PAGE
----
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The President Is a Sick Man: Wherein the…

The President Is a Sick Man: Wherein the Supposedly Virtuous Grover… (2011)

by Matthew Algeo

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An interesting topic for a while. Also got sort of rambly in the last 50 pages. ( )
  Abbey_Harlow | Oct 5, 2017 |
An interesting topic for a while. Also got sort of rambly in the last 50 pages. ( )
1 vote abbeyhar | Jul 23, 2014 |
An interesting topic for a while. Also got sort of rambly in the last 50 pages. ( )
  abbeyhar | Jul 23, 2014 |
An interesting topic for a while. Also got sort of rambly in the last 50 pages. ( )
  abbeyhar | Jul 23, 2014 |
3.5 stars.
It always interests me to read about our past Presidents and their relationships with the media, knowing how the media treats them today – that absolutely nothing is off-limits. Don’t know how it’s evolved into this or that I agree with these current practices. I always go back to FDR with his polio, how he would be shown standing at a podium on his own two legs (albeit with much hidden support), and the media respectfully agreeing to never photograph him in a wheelchair or struggling in any way. Thanks to the media, who loved FDR, the public at large was ignorant of the extent of his malady. But before FDR, they were not always so respectful if they didn’t like the President.

Here we have Grover Cleveland, who is popular in games of trivia because there are many interesting and unique factoids about him. Grover is discovered to have a cancer at the roof of his mouth, and this is back when no one even liked to think about the C word, much less say it out loud. It’s also not long after cancer ravaged poor old U.S. Grant, and everyone saw it. So when a reigning Prez gets seriously ill, do you really want to risk pandemonium and the political and economic repercussions by making it public knowledge? Or do you let just a few select people know about it and toss out a pack of lies to the public? The doctors and the administration opt to keep it a secret, except that one doctor spills the beans after feeling slighted, and, oh, what a sticky web they have created. This is about midway into the book and the damage control kicks into high gear, but the book sort of went the opposite direction for me after that point.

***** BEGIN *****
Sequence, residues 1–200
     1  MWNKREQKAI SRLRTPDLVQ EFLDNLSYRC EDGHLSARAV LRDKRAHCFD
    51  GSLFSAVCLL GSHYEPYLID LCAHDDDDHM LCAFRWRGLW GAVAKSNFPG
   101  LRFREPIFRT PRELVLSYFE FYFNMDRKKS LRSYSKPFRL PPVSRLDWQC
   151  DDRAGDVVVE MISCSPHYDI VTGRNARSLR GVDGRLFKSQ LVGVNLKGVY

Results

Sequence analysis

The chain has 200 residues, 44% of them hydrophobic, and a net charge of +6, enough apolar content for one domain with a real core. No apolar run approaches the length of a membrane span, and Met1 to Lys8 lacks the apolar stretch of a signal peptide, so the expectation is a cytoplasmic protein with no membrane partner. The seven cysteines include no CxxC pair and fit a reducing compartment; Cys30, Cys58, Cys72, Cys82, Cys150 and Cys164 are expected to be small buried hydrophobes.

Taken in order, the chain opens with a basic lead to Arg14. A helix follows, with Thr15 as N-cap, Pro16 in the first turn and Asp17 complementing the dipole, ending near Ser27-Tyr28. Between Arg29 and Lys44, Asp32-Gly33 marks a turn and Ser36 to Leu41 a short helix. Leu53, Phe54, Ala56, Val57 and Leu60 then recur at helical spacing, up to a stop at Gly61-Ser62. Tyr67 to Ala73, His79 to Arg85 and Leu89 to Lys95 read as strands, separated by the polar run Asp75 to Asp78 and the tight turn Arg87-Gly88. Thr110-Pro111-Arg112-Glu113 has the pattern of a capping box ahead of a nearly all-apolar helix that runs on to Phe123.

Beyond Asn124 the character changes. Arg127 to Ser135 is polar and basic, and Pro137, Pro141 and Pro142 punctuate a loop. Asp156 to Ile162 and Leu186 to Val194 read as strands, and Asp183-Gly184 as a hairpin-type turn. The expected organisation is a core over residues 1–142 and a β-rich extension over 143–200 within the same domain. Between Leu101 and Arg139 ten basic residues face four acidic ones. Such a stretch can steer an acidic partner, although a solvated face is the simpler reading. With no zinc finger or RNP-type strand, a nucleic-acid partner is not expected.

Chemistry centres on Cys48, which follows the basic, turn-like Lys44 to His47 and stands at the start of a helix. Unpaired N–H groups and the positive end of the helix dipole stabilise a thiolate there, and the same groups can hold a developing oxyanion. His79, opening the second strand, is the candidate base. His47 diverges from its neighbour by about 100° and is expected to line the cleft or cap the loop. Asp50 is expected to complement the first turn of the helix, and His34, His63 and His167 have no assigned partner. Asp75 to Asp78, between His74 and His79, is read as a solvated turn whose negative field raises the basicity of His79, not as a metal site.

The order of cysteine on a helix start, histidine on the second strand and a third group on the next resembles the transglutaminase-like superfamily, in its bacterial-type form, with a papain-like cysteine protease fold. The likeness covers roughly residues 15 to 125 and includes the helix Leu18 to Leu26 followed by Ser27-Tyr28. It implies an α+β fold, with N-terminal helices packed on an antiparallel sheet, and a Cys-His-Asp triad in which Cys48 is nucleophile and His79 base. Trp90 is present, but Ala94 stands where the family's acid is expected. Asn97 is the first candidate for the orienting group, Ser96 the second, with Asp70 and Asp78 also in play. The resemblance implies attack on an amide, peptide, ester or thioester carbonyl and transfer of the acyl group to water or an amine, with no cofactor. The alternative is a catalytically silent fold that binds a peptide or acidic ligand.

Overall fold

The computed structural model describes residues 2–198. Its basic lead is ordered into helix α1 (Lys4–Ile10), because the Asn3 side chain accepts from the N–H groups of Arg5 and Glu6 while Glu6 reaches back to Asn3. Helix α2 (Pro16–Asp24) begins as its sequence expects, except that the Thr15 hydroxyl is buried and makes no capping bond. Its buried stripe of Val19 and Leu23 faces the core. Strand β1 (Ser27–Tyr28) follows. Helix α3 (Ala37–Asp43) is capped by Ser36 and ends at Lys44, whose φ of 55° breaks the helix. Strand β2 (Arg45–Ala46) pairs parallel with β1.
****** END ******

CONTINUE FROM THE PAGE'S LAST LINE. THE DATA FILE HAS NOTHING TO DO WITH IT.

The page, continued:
Still a very good piece of non-fiction if you’d like to learn more about our Presidents or if you ever wonder about the public’s “right to know.” ( )
  kdabra4 | Feb 23, 2014 |
Showing 1-5 of 11 (next | show all)
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Amazon.com Product Description (ISBN 156976350X, Hardcover)

On July 1, 1893, President Grover Cleveland vanished. He boarded a friend’s yacht, sailed into the calm blue waters of Long Island Sound, and--poof!--disappeared. He would not be heard from again for five days. What happened during those five days, and in the days and weeks that followed, was so incredible that, even when the truth was finally revealed, many Americans simply would not believe it.

The President Is a Sick Man details an extraordinary but almost unknown chapter in American history: Grover Cleveland’s secret cancer surgery and the brazen political cover-up by a politician whose most memorable quote was “Tell the truth.” When an enterprising reporter named E. J. Edwards exposed the secret operation, Cleveland denied it. The public believed the “Honest President,” and Edwards was dismissed as “a disgrace to journalism.” The facts concerning the disappearance of Grover Cleveland that summer were so well concealed that even more than a century later a full and fair account has never been published. Until now.

(retrieved from Amazon Thu, 12 Mar 2015 18:21:43 -0400)

Recounts the summer of 1893 when President Grover Cleveland disappeared for five days, covering up a surgery to remove cancer from his palate and jaw.

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